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Old 11-24-2013, 05:19 AM   #46
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Residential grounding


Static build up can be an issue for sensitive equipment. For my money that is the 24/7 benefit of a decent ground.

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Old 11-24-2013, 06:23 AM   #47
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Your all wrong.

The grounding system is there so the poltergeists in your house are pushed back into the ground where they belong.

That is why I have an Ufer ground....big grounded concrete pad....push them bad boys way down.

Otherwise, who are you going to call?
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Old 11-24-2013, 06:24 AM   #48
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Quote:
Originally Posted by redalice734 View Post
I own a 4000-sf home in Michigan. It used to be 2 units, but we're consolidating it into one.

My electrician is combining electrical service from two meters & panels to one. The water supply line is about 60 ft. from the electrical supply panel. He wants to install two separate grounding rods just outside the panel and then wants to run grounding cable across the basement to the water supply line as well. I thought a) it was one or the other, and b) a residential system only needed one grounding rod anyhow. This dude's been nickel and diming met to death and I'm pretty sure he's just looking for an extra day's work -- before I lose it on him, though, I figured I'd ask around.

It's standard electrical service, 200 amps, nothing special.

Any input is appreciated, thanks!
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Originally Posted by deverson View Post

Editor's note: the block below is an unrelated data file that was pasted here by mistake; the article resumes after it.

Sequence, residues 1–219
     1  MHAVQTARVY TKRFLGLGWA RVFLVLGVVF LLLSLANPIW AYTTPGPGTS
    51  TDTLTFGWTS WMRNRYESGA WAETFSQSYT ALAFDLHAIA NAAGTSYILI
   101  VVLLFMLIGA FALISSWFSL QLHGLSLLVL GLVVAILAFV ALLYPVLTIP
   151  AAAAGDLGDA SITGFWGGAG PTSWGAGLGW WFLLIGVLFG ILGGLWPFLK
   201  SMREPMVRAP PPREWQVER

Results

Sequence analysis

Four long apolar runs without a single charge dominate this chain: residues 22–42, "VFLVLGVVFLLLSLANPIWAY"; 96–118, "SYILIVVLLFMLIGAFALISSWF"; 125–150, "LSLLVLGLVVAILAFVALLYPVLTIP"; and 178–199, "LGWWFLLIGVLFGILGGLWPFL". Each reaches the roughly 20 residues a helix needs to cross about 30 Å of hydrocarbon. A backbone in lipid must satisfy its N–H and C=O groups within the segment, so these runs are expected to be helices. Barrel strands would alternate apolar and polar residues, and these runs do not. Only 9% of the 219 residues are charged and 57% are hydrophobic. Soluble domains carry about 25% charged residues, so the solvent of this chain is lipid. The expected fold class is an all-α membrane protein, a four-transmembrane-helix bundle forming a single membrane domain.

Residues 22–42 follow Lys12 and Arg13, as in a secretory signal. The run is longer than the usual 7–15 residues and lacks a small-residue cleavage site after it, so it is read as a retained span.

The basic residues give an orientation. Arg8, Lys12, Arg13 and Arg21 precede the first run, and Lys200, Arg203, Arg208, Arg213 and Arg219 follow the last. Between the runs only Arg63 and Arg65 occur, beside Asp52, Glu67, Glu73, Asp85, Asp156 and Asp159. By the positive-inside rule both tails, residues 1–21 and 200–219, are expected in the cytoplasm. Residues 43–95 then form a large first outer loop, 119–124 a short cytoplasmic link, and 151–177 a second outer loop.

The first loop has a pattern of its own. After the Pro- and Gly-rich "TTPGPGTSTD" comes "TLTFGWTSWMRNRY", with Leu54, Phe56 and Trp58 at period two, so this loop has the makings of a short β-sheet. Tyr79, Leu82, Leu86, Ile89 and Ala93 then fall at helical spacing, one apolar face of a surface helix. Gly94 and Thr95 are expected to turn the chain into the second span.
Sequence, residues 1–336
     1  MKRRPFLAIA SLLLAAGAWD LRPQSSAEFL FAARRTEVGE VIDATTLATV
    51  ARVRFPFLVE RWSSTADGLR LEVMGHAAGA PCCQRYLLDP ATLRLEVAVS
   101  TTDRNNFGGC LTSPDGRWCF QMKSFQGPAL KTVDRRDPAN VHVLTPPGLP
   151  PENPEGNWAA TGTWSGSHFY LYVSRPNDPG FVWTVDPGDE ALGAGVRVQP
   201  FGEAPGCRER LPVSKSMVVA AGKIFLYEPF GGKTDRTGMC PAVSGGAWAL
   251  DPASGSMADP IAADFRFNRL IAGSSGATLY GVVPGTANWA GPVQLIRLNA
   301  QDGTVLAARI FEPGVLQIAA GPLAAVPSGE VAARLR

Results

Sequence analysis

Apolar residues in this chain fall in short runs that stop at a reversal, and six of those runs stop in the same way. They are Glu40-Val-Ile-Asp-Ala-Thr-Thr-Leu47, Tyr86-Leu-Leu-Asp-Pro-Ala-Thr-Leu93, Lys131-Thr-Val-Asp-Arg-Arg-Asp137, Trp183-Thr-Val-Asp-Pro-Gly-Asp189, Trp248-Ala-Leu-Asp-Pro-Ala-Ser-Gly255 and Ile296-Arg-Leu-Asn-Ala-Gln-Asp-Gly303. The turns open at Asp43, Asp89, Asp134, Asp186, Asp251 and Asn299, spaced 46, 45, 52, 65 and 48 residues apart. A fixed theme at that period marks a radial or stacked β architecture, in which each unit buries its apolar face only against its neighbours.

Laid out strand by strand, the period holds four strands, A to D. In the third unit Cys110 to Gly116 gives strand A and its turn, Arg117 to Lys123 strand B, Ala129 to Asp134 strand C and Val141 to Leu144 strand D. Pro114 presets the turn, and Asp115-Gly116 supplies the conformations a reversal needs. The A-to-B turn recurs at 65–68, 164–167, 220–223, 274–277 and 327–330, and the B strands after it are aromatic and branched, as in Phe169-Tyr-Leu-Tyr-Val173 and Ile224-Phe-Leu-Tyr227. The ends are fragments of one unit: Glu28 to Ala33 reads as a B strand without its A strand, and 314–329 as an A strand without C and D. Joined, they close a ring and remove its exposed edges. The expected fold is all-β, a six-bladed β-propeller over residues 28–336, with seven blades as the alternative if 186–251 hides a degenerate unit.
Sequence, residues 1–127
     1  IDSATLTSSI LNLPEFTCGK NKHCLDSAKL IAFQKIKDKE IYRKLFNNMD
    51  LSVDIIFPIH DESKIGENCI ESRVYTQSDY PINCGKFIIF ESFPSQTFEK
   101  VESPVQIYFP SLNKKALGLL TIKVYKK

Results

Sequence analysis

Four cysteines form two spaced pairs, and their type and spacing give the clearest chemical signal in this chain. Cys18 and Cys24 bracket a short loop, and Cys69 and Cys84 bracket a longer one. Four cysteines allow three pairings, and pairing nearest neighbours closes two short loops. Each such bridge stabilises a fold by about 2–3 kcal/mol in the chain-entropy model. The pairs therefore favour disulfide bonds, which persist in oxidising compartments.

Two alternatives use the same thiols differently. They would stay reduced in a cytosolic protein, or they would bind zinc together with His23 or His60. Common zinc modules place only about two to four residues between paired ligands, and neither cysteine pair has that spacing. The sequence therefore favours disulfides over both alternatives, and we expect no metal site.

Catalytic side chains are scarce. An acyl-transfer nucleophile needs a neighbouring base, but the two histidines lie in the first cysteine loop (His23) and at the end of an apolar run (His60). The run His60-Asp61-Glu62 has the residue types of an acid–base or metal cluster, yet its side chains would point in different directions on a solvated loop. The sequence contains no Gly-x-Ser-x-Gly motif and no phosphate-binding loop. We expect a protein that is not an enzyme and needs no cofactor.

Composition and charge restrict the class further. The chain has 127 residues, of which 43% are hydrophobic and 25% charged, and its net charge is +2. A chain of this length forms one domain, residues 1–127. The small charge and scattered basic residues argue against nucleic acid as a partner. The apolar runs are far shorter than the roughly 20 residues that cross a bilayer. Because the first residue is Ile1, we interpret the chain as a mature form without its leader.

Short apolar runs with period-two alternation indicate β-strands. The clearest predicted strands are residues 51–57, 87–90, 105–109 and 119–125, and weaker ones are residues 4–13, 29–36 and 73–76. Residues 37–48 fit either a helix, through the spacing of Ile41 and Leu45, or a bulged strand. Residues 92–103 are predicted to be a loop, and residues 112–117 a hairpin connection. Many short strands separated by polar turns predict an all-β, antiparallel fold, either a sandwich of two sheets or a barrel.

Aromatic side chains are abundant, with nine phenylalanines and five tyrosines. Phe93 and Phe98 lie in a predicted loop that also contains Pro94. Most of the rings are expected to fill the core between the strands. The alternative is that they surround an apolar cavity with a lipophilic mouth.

You didn't say where you live. In WI you have to use 2 ground rods. Call your inspection dept. or one near you and ask.
He did....Opening sentence....
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Old 11-24-2013, 08:41 AM   #49
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Residential grounding


Quote:
A Megger is the same thing as the 3-point Earth ground resistance tester. All I could remember was Megger and not what the resistance test was actually called since everyone I used to work with called it the same thing, and in my current job the call it the same thing. This test can also be performed after connection to the electrical distribution system.


Actually Megger is a trade name for an insulation resistance tester. Megger the company also made other electrical test equipment including Earth/Ground Resistance testers.

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I completely agree, except for the unknown resistance of the two rods. When you are testing the ground you are finding out the resistance in the whole system including the rods. I had seen on my grandparents home a ground rod that was corroded completely through.
Generally specifications for testing ground electrode require the electrodes to be isolated for testing.

Last edited by Know A Little; 11-24-2013 at 08:44 AM.
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Old 11-24-2013, 09:38 AM   #50
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Residential grounding


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Originally Posted by avengerki View Post
You fail to pay attention to everything I said. The house prior to the proper grounding had been struck by many lightning strikes. Each time it was struck there was damage, the last strike they had before getting a proper ground caused quite a bit of damage. After they had the proper grounding they still were getting struck by lightning but were not receiving any damage. The house was struck more than 8 times within a 3 year stretch, I always thought it fairly weird but that house just seemed to be a magnet.

Having a good and proper ground is like an insurance policy. You may think it is completely worthless until you needed one and didn't have it.
You are missing my statement as well, you cannot prove that a ground rod "saved" the structure this time…. that is just ludicrous…. and the only thing a ground rod does is try to eliminate surface arching, damage is still going to exist with any strike, some do more damage than others….

And let me ask you this, how was this house ever built without a grounding electrode system to begin with?
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Old 11-27-2013, 02:12 PM   #51
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Residential grounding


http://www.diychatroom.com/f18/gound...8/#post1272221

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